After the Uprising: Life Among the Ruins of the Warsaw Ghetto
Even after the 16th of May, 1943, a number of undetected bunkers remained in the area of the former ghetto. It seems that hundreds of Jews still lived among the ruins of the ghetto, even after its official liquidation. Due to the harsh conditions and the presence of Germans in the area, only a small number of these Jews managed to survive for any extended period of time. Among them were also some members of the Jewish fighting units, such as Josef Farber and Zachariah Artstein of the Jewish Fighting Organization, who continued their resistance activities for many weeks.
6 June 1943
We would spend the entire day lying on our cots. Only the scouts who had ventured far afield remained outside, thoroughly checking the terrain. Across from us stood the ruins of the Jewish hospital, charred bed frames hanging from its soot blackened rooms. The Jewish part of Gęsia Street was covered with mounds of debris from the building which had been blown up. Everything was as still as a cemetery, a silence which was only broken in the mornings, when the German sappers paraded through the street… In an attic we come across dead bodies, flies swarming all over them… Nearby we find bags of rusks and flasks of water. We had no way to try to ascertain who these people had been. Arieh (Leon) Neiberg, The Last Ones, p. 130-131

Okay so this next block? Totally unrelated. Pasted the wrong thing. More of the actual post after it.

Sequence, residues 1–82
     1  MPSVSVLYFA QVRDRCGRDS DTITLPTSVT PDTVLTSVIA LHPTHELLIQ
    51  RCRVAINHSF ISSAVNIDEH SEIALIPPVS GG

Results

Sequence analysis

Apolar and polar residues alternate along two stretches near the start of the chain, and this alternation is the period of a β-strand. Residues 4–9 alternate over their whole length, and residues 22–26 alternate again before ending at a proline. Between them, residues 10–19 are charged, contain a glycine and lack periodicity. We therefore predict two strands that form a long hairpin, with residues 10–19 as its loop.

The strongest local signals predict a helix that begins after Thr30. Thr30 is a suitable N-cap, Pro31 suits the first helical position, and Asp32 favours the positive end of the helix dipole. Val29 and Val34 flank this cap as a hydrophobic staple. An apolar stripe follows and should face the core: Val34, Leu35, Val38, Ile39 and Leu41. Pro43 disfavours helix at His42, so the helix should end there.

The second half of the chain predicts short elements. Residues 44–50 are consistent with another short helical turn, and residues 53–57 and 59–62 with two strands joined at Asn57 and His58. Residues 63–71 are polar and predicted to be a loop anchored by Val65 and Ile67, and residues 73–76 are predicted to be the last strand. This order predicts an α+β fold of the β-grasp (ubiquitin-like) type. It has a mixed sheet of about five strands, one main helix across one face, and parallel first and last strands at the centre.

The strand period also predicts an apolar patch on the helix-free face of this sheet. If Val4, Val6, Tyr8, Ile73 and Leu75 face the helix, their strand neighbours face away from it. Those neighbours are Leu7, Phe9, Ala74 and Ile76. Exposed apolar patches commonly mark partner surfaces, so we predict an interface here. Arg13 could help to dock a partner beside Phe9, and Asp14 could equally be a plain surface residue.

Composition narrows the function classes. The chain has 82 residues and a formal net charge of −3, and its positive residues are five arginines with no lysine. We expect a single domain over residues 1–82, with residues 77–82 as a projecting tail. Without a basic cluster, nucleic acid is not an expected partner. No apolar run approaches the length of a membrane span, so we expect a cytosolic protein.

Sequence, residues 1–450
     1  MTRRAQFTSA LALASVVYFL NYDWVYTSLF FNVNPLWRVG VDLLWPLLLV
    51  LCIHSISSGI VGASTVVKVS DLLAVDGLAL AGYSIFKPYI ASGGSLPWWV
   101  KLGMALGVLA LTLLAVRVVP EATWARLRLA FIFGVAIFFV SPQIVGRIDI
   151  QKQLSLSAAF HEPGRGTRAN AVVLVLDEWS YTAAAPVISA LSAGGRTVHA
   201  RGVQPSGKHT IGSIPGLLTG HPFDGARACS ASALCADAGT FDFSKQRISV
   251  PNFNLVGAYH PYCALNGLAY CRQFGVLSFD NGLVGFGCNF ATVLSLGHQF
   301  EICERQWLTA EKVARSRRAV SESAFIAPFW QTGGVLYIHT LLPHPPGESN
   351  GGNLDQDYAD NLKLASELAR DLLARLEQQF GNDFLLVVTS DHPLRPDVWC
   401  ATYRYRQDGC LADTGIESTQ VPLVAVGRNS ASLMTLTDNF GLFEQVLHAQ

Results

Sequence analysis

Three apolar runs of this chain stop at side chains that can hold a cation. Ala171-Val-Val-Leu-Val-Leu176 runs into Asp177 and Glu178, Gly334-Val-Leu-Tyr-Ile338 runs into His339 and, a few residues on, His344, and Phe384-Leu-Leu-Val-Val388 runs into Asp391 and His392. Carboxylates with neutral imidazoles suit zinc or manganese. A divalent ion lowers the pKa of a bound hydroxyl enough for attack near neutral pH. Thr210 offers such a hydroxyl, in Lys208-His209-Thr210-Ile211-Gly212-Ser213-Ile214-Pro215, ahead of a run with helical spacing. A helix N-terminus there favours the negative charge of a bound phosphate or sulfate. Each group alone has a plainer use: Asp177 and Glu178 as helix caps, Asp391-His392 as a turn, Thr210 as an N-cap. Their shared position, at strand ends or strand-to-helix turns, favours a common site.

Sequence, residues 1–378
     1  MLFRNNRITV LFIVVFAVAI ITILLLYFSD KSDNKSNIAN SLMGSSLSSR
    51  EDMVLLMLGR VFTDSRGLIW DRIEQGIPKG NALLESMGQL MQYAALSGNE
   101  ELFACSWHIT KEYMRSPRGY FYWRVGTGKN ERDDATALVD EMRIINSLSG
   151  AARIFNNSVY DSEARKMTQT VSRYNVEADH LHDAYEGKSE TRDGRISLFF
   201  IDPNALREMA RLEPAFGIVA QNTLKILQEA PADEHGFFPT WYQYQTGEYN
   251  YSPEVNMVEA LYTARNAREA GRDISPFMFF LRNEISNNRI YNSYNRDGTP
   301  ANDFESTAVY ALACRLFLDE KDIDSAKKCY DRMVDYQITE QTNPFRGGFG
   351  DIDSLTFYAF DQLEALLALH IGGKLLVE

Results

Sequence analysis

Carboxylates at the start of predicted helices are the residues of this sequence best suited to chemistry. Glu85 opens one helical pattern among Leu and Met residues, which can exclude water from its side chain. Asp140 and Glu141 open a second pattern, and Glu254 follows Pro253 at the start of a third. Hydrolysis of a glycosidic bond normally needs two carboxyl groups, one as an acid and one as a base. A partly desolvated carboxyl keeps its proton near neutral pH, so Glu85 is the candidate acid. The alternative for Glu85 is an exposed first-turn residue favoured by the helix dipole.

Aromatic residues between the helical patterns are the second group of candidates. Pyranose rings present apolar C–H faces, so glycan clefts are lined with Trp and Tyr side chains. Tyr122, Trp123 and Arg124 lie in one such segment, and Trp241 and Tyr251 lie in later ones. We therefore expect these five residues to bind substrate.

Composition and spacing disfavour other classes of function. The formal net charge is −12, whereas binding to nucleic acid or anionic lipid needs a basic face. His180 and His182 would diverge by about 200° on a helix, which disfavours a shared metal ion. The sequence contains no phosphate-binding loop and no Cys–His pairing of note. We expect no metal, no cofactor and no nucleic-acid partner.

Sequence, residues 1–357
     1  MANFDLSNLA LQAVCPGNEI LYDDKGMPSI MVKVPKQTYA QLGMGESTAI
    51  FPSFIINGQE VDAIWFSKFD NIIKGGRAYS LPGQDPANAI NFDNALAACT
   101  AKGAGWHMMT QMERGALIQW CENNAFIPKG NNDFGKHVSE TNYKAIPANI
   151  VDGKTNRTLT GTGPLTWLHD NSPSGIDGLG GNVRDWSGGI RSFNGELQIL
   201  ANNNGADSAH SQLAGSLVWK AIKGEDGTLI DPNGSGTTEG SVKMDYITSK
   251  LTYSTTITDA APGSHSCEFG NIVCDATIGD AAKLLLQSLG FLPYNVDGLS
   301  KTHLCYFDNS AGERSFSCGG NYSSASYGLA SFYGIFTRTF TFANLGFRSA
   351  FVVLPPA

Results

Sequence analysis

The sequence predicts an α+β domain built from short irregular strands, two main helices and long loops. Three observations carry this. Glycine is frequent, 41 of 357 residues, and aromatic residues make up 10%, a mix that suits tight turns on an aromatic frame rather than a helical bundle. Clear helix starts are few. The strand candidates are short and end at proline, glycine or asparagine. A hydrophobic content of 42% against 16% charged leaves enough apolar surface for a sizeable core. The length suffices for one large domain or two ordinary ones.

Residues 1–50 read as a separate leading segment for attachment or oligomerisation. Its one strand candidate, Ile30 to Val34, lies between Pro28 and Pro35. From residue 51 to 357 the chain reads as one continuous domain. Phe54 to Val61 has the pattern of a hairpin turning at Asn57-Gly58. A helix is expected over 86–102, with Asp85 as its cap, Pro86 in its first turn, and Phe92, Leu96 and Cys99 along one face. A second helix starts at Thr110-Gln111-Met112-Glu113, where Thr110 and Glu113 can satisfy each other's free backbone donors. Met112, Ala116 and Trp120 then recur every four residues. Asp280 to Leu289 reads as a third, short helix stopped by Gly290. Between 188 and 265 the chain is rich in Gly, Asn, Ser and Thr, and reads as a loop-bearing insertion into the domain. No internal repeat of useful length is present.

In the summer of 1943 the Germans brought forced Jewish laborers from Auschwitz to dismantle the remnants of the ghetto's houses. In September of the same year, armed German guardsmen led a group of Polish workers to the ruins of the ghetto, and instructed them to blow up and demolish the frames of the buildings which were still standing. In this manner many of the last survivors of the Jews of Warsaw finally met their end.
Now, when only a small handful remained, once again we didn't have enough fighting power. With the systematic destruction of the remaining buildings our possibilities of hiding drastically shrank. Those who were in bunkers might one day wake to find themselves buried under the rubble of collapsed houses… Our provisions were almost gone, as was our ammunition… From September we were cut of entirely from the Aryan zone, hunted day and night by the Germans and cast out, as it were, by our Jewish brethren. We became ghosts, nothing less, nothing more.Arieh (Leon) Neiberg, The Last Ones, p. 183-184
Until November 1943 small groups of Jews remained in the ghetto, cut off from each other and in dire straits. The harsh weather conditions, the lack of food, and the presence of Germans meant there was no possibility of life. In isolated cases some Jews succeeded in reaching the Aryan side of the city. Of Neiberg's group, which had consisted of 45 people after the liquidation of the ghetto, only four survived. On the 26th of September, more than five months after the beginning of the ghetto uprising, Neiberg and his friends managed to steal across to the Aryan side.